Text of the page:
This is a simple dish to prepare with quinoa being the only ingredient that needs to be cooked. You can prepare quinoa on the stove, per package instructions, or use an instapot if you have that available. Using the instapot has a few positives, one being you are free to set it and walk away and do not need to watch it/pay attention to what is happening on the stove. Additionally, I find quinoa made in the instapot always comes out with the perfect texture and fluffiness.

If cooking in the instapot you will add 1 cup rinsed quinoa to inner pot + 1 and 1/4th cup water and cook for 1 minute on high pressure setting. Allow the pressure to release naturally.

It is important to rinse your quinoa prior to cooking. Doing so removes a natural coating, called saponin, which can cause cooked quinoa to taste bitter. Some packaged quinoas come pre-rinsed but feel free to still give them a quick rinse.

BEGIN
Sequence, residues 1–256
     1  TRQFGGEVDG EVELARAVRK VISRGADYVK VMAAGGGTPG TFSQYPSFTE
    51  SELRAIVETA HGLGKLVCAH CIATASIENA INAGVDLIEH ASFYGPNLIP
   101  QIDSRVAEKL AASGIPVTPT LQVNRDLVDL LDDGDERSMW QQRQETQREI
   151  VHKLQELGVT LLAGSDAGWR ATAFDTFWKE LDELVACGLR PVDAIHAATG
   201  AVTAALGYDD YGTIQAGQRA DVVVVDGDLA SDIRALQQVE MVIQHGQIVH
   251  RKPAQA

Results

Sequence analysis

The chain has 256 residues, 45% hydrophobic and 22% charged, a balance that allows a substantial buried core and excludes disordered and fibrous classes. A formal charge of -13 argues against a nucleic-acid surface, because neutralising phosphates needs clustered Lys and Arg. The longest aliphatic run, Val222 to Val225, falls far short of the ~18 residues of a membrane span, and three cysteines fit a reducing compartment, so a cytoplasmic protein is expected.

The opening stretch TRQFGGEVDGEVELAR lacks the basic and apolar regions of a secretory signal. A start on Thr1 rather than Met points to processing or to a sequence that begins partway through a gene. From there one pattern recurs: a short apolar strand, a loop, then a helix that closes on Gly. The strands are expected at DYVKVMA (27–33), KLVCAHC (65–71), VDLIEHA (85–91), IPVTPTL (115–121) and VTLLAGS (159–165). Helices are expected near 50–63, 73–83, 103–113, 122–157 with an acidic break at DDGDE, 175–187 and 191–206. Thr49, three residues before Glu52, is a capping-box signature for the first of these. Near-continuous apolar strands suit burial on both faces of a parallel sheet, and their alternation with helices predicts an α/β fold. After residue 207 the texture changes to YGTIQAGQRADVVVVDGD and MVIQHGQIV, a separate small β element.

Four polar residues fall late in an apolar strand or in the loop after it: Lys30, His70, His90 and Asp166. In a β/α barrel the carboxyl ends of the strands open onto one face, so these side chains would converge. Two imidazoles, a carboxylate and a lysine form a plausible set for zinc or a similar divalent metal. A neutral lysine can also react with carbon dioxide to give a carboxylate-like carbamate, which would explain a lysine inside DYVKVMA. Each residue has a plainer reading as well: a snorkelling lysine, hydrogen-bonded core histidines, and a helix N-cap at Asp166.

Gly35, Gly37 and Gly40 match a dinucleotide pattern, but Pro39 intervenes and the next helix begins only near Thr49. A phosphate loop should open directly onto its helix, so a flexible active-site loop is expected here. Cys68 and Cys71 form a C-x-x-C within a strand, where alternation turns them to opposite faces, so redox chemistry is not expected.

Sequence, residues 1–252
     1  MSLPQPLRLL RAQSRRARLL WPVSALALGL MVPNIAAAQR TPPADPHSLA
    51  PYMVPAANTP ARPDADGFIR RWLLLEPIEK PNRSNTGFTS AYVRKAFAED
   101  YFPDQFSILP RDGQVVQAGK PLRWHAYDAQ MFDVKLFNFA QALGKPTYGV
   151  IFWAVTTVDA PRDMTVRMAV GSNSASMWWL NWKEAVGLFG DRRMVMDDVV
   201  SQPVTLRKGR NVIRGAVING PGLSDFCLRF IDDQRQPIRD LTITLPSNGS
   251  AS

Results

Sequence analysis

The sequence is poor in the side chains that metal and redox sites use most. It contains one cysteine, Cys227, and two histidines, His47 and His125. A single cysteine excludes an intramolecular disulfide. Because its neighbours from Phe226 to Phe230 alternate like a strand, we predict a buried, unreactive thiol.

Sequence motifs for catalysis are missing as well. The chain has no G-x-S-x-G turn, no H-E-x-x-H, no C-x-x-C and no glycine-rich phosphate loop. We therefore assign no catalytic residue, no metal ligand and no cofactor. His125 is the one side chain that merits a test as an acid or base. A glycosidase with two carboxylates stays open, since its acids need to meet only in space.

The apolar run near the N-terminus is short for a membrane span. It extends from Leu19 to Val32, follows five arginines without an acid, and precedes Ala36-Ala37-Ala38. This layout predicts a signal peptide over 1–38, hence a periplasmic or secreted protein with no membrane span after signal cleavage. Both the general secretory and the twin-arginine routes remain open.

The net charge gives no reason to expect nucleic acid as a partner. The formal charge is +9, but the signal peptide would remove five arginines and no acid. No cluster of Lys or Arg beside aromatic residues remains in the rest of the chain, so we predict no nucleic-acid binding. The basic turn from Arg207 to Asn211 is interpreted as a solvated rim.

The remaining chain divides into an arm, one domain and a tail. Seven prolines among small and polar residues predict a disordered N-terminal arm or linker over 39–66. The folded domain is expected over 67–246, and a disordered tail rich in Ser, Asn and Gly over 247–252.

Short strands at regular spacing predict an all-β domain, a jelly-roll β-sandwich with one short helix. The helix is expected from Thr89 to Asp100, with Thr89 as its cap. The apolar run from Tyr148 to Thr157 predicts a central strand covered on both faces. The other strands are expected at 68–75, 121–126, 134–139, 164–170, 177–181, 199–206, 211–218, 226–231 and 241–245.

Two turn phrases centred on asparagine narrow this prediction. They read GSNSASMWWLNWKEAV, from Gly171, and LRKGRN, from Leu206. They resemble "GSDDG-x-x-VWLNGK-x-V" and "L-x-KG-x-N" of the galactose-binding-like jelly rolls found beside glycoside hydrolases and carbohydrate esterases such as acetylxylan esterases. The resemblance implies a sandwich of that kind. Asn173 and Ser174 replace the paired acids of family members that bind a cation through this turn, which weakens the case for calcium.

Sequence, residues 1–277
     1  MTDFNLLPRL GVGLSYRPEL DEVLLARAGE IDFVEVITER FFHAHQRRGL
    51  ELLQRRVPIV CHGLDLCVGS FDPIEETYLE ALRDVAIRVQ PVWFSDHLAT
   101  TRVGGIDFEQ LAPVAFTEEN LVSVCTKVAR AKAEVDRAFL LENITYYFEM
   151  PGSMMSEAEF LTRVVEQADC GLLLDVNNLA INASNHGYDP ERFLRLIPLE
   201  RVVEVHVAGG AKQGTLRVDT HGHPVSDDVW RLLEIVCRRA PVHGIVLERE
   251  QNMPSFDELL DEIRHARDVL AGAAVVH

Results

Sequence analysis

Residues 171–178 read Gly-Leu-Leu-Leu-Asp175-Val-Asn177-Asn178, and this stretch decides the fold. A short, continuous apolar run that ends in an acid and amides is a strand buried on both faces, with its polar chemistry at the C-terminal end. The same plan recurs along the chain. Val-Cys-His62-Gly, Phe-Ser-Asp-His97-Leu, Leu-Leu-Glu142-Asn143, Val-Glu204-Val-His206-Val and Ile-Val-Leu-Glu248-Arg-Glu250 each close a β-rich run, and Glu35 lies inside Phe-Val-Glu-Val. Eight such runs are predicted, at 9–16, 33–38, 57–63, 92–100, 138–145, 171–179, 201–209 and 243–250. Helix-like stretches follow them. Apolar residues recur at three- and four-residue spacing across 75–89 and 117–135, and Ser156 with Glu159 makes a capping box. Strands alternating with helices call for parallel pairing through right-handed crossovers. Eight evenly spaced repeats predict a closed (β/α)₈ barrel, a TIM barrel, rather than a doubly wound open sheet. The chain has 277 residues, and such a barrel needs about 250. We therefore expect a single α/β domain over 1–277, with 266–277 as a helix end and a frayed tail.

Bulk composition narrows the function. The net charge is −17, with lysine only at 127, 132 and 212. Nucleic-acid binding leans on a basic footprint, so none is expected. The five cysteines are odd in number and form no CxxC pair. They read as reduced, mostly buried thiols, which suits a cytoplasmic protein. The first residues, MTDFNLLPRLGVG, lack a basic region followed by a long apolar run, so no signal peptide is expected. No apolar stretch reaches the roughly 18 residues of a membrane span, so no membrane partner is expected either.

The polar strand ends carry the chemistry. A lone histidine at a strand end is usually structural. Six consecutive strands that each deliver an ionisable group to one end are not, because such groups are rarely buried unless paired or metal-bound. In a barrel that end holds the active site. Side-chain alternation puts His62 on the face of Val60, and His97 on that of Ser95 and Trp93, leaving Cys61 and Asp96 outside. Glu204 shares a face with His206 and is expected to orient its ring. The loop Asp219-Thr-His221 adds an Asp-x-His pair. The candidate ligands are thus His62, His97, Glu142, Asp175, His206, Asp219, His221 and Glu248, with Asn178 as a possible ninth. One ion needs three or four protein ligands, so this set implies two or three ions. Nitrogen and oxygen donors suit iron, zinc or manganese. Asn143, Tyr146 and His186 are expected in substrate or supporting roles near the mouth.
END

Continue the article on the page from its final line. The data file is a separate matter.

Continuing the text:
A lemon squeezer (also called a citrus juicer) sitting on top of a glass jar with freshly squeezed lemon juice in it.
A glass jar with olive oil, lemon juice, black pepper, and a whisk in it.

The rest of this recipe requires washing and chopping vegetables, fresh herbs, and making a simple 2-ingredient salad dressing. Everything comes together in 1 bowl which makes for a pretty-quick clean up and minimal dishes to clean.

Low FODMAP Quinoa Tabbouleh in a glass bowl

Last but not least, this salad makes fantastic leftovers and is good in the fridge for ~5 days but I doubt it will last that long.

Low FODMAP Quinoa Tabbouleh Recipe

Ingredients

  • 1 cup dry quinoa, rinsed well and cooked

  • 3 bunches of spring onions, thinly sliced (green tops only) 

  • 2 carrots, grated

  • 1 pint cherry tomatoes, cut into fourths

  • 1 large English hothouse cucumber, diced

  • 1 heaping cup of chopped flat-leaf parsley

  • 1/2 cup chopped fresh mint

  • 1/2 cup garlic infused extra-virgin olive oil (Could also use plain olive oil)

  • 1/2 teaspoon salt

  • 1 lemon, juiced

  • Freshly ground black pepper. to taste

Directions

  • Bring quinoa and 1 ¼ cups water to a boil in a medium saucepan over high heat. Reduce heat to medium-low, cover, and simmer until quinoa is tender, about 12 minutes.